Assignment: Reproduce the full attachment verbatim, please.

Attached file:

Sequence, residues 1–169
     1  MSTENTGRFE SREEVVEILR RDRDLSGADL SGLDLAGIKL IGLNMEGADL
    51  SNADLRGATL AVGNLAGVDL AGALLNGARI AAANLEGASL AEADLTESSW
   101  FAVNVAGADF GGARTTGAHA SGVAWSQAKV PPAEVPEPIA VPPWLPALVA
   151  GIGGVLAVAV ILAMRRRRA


Sequence, residues 1–169
     1  MSTENTGRFE SREEVVEILR RDRDLSGADL SGLDLAGIKL IGLNMEGADL
    51  SNADLRGATL AVGNLAGVDL AGALLNGARI AAANLEGASL AEADLTESSW
   101  FAVNVAGADF GGARTTGAHA SGVAWSQAKV PPAEVPEPIA VPPWLPALVA
   151  GIGGVLAVAV ILAMRRRRA